Chuk Obasi for #roccochelseaadriana

Chuk Obasi currently serves as a Managing Member of The Private Theatre.  He is also a Movement Teacher at the Stella Adler Studio of Acting and Adjunct Professor of Musical Theatre at Drew University.  Recent works: The Neighbors at the Italian Theatre Festival (Director); One-man play The Actual Dance at the United Solo Festival (performer); Music concert A Drink with Death (Lyricist) at Feinstein’s/54 Below;  Critically acclaimed play Uniform Justice (Playwright/ Director) at the NY International Fringe Festival; Award-winning Feature films “The Depths” and “79 Parts” (Actor).  Music from his new opera in development, Moonshine in B Minor (co-librettist) will be featured in performance at The Public Theatre in February 2019.

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When you think of yourself, what nationality do you most identify with and why is that?

I'm American.  I was born here, spent my entire life here thus far, have been shaped here, and ultimately embrace this country in the complexity of all its deep flaws and great triumphs.  At the same time I feel very connected to my Nigerian ethnicity as the son of two Nigerian immigrants. So I just as strongly identify with the term Nigerian American. You will find me using either identifier interchangeably, often pertaining to the context.


How is that identity affirmed or challenged by living in America today?

It is affirmed simply in that it is fact.  And Truth.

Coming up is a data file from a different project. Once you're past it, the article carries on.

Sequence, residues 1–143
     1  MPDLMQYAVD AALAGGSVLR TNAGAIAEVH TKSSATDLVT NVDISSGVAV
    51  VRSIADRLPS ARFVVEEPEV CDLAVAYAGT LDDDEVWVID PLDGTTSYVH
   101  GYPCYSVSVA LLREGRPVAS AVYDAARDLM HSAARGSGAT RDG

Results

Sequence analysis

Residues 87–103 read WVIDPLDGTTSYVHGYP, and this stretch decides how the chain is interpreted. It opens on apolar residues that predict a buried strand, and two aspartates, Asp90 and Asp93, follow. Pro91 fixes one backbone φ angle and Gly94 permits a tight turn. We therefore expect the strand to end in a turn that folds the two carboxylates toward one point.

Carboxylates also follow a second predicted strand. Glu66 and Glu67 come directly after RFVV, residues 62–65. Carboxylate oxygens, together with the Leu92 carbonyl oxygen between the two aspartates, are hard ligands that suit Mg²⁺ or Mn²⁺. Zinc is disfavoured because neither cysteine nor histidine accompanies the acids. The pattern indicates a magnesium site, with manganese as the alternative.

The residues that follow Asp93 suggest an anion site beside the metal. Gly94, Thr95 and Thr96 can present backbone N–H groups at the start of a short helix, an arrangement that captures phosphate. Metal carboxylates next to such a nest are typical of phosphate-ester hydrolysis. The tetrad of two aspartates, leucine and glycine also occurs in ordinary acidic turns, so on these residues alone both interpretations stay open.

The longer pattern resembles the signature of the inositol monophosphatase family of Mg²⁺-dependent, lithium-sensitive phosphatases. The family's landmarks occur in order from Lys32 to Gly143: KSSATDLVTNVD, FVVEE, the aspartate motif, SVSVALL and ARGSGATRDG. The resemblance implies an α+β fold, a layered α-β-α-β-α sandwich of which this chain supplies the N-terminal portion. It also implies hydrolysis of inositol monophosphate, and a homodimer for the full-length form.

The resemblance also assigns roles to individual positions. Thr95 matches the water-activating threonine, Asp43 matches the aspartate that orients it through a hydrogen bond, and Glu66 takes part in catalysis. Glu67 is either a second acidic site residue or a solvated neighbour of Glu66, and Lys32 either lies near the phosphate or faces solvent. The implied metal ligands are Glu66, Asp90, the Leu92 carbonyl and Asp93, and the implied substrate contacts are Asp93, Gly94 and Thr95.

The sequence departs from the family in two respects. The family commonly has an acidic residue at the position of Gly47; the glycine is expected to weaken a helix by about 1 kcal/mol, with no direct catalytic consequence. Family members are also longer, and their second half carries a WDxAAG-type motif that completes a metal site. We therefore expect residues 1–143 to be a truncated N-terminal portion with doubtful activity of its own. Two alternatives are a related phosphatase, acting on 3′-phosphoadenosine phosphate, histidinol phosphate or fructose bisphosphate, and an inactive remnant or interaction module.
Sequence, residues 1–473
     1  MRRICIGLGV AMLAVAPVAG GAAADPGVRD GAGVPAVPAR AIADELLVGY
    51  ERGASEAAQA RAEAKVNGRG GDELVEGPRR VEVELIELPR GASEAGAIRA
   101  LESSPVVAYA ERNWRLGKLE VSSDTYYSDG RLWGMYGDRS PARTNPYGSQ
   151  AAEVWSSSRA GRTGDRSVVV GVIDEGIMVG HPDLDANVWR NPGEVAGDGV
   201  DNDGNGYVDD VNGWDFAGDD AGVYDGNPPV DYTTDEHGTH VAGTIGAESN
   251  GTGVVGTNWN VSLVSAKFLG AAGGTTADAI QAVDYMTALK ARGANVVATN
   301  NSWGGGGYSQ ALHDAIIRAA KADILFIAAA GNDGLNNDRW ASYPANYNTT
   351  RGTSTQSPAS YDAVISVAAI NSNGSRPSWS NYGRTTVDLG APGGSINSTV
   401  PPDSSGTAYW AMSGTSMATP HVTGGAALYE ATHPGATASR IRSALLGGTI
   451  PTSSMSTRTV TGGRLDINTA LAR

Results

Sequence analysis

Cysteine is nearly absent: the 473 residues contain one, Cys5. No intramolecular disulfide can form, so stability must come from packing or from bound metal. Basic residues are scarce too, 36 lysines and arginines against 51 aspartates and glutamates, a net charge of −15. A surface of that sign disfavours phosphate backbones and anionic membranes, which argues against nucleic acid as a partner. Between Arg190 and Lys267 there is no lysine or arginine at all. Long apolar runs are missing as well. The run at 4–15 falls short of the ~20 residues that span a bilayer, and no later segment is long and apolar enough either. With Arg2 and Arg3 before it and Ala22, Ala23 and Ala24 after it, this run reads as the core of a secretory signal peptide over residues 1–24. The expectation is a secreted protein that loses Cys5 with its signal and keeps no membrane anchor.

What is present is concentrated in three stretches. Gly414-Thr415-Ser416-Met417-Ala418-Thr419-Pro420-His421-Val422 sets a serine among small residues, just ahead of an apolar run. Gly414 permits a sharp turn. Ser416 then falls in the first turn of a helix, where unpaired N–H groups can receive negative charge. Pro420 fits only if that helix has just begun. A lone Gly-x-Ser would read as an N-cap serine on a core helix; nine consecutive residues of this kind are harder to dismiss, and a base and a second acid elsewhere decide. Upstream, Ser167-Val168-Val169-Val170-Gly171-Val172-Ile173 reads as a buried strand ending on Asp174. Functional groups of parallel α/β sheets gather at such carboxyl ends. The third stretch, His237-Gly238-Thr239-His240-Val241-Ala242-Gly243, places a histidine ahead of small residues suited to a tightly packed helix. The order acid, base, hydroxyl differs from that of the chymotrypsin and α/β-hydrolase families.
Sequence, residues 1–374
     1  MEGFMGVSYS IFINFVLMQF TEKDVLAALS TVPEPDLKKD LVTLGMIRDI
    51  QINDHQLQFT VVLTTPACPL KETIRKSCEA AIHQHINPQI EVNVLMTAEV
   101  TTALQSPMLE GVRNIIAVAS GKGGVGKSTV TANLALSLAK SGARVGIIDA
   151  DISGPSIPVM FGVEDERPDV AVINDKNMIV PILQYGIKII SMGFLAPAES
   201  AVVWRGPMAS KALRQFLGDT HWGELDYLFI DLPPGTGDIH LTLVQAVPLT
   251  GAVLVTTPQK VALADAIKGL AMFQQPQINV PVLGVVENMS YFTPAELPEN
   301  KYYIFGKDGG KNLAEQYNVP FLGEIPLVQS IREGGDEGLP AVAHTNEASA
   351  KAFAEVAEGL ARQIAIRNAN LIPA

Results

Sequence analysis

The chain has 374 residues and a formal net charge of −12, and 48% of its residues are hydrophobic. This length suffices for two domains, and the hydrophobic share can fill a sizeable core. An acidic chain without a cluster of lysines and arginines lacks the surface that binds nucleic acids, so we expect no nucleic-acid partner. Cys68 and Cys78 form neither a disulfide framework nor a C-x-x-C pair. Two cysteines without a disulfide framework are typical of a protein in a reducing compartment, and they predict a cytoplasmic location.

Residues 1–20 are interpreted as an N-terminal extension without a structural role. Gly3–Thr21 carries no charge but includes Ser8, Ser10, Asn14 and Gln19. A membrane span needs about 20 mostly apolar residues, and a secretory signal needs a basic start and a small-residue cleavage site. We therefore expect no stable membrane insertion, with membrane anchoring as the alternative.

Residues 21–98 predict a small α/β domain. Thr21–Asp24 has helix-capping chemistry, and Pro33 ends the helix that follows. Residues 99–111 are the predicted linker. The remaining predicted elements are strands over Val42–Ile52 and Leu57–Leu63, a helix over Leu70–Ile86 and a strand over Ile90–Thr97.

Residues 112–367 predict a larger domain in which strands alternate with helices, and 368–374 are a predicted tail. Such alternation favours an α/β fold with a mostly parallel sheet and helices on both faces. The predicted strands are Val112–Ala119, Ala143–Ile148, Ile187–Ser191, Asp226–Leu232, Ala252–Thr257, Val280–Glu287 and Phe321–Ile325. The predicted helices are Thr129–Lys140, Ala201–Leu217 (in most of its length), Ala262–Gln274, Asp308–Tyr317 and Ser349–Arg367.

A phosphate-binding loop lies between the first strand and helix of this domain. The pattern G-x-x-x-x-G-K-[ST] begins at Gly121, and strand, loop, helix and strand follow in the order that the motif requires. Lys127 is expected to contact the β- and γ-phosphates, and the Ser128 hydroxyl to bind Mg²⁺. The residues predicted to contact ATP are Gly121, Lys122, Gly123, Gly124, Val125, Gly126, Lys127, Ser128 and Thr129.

What is your hoped-for future for America? (or, What is your American Dream?)

I hope for a culture shift that truly encompasses love.  Like, in our actions and intentions. Love, as I see it, creates hopeful possibilities within messy piles.   So yes, it can still be messy, but if possibility over positions were the norm, just imagine how different this country would be.

What is a challenge you are currently facing (in terms of being an American, or within the context of your American identity)?

It is a challenge to live in a country that's so immersed in racism that it is just normal, if not hard to notice by many Americans.  It is also a challenge to exist here knowing that this country's history of oppression of its original inhabitants - Native Americans - has not been rectified.  I believe all Americans are complicit in that injustice, and I would like to be part of an America that figures out (or at least tries to figure out) what reconciliation, equity, and again, love, looks like.

How do you want to see yourself?

I want to see myself as someone who can find the good in anyone.  Someone who clearly has purpose here. Someone who can create art that is of value.  Someone my sons are immensely proud of at the end of the day.